GAP defines two main roles:
- Peripheral: a low-power device, resource constrained, which transmits data via BLE;
- A Device Central, which collects data, for example from multiple devices.
The peripheral initially transmits in broadcast mode, by periodically sending an “advertising packet” that provides information on the device itself and can also carry data, if you want to transmit in broadcast mode, “connection-less.”
The central device typically performs a scan of devices, capturing the “advertising packets”, in order to identify devices with which to connect.
When the device is identified, the central device can establish a connection, thus enabling a bi-directional communication between the peripheral and the central device itself.
The specification defines a few simple rules:
- A device can be connected only to a single central device;
- Generally, after establishing a connection, the device stops to send advertising packets.
The GAP defines an additional mechanism: a central device can send a BLE Scan Request to a device, to which the device responds with a Scan Response: it is a mechanism that allows an additional sending of descriptive information on the peripheral, required from Device Central.
After having implemented the connection, the communication is ruled by GATT mechanisms (Generic Attribute Profile).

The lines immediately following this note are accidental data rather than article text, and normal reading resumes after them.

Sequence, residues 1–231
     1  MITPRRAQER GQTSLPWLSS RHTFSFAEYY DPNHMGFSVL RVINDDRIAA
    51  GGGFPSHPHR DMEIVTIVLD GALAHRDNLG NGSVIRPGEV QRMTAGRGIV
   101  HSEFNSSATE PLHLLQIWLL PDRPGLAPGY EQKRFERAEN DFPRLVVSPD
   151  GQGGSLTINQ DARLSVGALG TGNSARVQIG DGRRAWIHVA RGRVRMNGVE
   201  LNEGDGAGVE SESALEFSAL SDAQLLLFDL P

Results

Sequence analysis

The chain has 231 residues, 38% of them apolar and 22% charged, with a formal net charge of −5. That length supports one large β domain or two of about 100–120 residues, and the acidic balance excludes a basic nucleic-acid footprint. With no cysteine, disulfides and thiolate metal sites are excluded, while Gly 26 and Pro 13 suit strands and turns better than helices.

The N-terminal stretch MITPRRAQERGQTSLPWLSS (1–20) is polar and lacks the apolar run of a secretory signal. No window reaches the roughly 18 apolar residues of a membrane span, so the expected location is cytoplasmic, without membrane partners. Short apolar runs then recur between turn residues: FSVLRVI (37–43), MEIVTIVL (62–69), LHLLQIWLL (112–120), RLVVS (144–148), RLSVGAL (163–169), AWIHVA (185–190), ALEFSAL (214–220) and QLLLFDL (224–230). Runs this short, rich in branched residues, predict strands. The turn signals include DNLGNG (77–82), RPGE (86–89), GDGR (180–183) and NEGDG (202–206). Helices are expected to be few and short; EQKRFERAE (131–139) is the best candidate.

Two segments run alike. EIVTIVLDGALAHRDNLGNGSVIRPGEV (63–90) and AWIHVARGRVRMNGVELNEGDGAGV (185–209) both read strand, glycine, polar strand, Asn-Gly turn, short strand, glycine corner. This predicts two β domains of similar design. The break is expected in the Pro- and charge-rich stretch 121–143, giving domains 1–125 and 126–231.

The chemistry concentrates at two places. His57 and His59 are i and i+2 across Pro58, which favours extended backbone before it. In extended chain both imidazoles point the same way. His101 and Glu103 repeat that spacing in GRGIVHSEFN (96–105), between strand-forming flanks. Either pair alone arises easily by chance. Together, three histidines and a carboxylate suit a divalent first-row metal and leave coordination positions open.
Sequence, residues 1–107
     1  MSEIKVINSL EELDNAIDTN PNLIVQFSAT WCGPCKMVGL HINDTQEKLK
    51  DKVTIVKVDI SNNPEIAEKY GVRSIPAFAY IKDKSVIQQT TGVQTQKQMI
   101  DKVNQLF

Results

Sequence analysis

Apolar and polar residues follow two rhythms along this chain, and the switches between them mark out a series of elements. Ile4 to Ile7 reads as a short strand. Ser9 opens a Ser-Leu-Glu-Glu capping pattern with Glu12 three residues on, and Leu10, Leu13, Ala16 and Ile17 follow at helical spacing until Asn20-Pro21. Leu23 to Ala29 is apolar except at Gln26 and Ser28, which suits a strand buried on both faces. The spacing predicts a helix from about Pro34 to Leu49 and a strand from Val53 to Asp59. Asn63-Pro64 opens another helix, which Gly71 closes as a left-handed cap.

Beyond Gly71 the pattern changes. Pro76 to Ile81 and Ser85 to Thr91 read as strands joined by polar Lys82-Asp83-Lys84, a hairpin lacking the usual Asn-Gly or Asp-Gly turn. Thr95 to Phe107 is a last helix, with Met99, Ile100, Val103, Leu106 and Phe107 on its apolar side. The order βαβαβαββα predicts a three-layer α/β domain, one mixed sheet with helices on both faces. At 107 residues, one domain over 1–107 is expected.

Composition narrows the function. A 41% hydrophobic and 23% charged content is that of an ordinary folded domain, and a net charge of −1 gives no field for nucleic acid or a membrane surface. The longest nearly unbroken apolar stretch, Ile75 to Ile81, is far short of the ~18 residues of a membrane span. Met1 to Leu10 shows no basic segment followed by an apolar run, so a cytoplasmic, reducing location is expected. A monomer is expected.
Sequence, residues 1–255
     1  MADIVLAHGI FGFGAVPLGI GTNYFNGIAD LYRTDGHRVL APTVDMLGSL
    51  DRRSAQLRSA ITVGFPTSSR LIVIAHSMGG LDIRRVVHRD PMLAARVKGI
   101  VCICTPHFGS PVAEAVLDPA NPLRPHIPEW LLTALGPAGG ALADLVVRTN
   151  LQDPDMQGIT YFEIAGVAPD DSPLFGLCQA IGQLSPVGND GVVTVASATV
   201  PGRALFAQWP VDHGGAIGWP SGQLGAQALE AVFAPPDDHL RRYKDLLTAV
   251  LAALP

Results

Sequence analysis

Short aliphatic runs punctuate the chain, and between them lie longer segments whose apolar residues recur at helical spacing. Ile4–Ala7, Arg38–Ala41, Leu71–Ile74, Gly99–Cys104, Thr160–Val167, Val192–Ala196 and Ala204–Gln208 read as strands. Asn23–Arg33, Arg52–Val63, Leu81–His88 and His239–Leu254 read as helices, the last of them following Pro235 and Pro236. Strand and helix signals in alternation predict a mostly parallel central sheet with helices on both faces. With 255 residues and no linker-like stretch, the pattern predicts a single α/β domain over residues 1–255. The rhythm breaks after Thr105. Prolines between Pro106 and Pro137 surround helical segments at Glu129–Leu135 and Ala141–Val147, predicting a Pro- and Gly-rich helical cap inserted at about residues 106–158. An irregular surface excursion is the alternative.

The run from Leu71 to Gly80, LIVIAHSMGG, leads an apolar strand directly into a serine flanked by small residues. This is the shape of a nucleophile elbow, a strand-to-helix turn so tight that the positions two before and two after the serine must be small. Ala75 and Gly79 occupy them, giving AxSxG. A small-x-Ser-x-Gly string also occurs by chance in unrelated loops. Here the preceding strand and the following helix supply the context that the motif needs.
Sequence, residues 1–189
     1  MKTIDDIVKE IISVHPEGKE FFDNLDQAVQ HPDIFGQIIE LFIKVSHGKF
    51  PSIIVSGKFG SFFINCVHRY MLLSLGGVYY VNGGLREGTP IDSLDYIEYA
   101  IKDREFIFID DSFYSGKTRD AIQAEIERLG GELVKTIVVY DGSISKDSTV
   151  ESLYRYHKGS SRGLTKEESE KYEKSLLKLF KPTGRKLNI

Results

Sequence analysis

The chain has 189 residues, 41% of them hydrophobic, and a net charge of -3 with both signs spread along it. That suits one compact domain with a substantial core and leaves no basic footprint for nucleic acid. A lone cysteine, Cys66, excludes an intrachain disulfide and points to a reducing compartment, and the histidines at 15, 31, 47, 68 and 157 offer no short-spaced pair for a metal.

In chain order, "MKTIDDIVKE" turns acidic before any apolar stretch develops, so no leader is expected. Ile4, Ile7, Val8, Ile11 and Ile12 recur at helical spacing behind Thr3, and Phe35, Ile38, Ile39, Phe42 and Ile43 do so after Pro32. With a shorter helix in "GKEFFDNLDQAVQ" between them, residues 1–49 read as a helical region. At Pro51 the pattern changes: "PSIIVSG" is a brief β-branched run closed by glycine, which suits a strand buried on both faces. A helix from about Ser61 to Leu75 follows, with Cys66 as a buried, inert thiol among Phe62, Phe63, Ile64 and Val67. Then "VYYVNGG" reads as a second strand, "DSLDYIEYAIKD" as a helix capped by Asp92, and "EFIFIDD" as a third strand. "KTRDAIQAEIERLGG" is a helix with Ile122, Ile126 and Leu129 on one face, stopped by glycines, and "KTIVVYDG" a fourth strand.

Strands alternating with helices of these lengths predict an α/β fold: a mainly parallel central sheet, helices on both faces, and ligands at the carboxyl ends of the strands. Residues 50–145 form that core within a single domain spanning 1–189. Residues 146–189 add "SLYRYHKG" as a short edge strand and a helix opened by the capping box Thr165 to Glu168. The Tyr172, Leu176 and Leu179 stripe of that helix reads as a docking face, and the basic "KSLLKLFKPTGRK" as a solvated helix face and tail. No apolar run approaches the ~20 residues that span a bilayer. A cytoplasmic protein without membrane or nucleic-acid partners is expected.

GATT defines how should be the communication between two devices where a connection has been made. It defines how a client can identify the services offered by a server (discovery), how information offered can be read and write, and how receive notifications about state’s changes.
GATT defines two roles:
- Client Device; the device requesting the connection and performing Read and Write Request;
- Server Device: the device that responds to requests.
The communication between the two devices is governed by GATT Transactions’ mechanism.
The exchange of data takes place using logical data structures. It is based on the concepts of:
Typically, a device defines (or supports) one or more profiles. A profile includes N services and each service provides M characteristics.
An example of profile
The specification defines, to ensure the maximum possible interoperability between devices and device, a whole set of profiles.
An example of a profile is the Heart Rate Profile (HRP) that is the recommended profile, for example, for the heart rate monitors that use BLE. As indicated in the specification, this profile “enables a Collector Device to connect and interact with Cardio sensors for use in fitness applications.”
The profile defines two services, as shown in the picture below:
- Heart Rate Service;
- Device Information Service.
BLE and NodeJS
After the theory, for those interested in implementation details, some code.
As previously mentioned, in general (see GAP) BLE will provide for two distinct roles: in other words, our device can be a peripheral device or a central device.
NodeJS provides a modular extension mechanism, based on modules. There is a very broad set of modules, many OpenSource, which can be downloaded from the Internet and installed.